"The universe really threw us a curve," Kogut says. "Instead of the faint signal we hoped to find, here was this booming noise six times louder than anyone had predicted." Detailed analysis ruled out an origin from primordial stars or from known radio sources, including gas in the outermost halo of our own galaxy. The source of this cosmic radio background remains a mystery.
Many objects in the universe emit radio waves. In 1931, American physicist Karl Jansky first detected radio static from our own Milky Way galaxy. Similar emission from other galaxies creates a background hiss of radio noise.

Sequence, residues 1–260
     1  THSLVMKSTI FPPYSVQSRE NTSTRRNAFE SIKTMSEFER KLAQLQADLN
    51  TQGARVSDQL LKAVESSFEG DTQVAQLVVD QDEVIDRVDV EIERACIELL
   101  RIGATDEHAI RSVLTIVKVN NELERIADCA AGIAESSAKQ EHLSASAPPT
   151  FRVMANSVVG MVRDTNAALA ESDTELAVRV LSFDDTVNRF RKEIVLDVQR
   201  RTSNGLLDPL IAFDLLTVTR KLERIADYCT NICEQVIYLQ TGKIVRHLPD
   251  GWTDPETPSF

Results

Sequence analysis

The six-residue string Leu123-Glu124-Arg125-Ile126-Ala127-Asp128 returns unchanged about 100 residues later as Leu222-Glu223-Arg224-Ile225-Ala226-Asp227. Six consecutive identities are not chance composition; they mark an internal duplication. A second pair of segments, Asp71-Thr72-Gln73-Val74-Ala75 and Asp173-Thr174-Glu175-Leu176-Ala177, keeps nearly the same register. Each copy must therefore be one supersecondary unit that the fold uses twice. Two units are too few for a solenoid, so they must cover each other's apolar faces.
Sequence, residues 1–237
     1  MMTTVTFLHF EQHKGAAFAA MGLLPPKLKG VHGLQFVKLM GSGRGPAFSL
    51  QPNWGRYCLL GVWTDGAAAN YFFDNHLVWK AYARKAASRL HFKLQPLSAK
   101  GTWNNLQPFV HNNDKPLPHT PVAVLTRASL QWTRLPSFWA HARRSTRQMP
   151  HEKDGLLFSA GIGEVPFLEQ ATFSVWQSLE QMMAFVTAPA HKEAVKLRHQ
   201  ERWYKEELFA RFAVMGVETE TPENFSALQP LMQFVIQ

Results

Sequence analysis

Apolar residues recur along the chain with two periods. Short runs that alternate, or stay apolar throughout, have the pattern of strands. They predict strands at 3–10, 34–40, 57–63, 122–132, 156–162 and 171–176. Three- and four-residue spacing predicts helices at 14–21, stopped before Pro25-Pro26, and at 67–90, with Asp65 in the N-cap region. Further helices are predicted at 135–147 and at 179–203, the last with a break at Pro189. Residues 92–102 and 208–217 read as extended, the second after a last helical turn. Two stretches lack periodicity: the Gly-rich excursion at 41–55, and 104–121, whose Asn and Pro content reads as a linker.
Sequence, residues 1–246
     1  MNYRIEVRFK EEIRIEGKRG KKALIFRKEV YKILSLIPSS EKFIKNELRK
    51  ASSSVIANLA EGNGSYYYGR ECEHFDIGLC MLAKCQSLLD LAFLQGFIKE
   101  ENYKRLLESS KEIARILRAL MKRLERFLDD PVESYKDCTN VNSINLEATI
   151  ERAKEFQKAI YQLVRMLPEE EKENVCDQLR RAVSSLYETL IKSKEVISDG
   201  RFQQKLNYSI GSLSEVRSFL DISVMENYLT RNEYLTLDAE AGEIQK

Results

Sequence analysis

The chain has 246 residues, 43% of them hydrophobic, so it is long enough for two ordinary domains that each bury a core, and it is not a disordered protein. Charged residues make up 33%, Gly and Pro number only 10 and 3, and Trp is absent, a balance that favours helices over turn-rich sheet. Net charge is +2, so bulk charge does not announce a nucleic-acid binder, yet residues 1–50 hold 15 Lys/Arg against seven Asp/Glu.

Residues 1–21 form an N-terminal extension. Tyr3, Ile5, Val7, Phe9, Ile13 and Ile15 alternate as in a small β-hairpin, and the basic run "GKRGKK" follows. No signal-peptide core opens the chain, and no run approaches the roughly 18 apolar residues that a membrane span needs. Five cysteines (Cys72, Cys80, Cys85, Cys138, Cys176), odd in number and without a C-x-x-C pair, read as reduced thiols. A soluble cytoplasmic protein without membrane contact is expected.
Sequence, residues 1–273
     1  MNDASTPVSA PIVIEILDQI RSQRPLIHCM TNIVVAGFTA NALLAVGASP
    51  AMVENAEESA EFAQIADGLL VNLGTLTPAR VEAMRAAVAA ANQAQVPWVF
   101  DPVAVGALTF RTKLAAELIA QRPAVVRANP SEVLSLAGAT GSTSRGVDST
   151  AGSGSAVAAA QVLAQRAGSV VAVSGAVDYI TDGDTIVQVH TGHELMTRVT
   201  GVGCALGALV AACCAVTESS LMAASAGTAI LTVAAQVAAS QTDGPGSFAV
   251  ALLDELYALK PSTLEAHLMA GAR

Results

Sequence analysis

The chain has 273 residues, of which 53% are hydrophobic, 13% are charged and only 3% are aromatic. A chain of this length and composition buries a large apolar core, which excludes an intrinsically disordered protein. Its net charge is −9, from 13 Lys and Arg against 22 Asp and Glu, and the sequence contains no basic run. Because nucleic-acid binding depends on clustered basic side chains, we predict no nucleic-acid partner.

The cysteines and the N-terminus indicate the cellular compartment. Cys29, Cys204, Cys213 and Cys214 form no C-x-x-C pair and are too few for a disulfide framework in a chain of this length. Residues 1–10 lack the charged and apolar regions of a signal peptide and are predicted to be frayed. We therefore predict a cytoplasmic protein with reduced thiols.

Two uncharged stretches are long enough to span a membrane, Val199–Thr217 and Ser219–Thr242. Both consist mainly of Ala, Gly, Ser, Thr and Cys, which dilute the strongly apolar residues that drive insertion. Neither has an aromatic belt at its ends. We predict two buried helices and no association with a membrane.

The problem, notes team member Dale Fixsen of the University of Maryland at College Park, is that there don't appear to be enough radio galaxies to account for the signal ARCADE detected. "You'd have to pack them into the universe like sardines," he says. "There wouldn't be any space left between one galaxy and the next."
Someone get a broom and bang on the ceiling. Earth is trying to watch American Idol down here.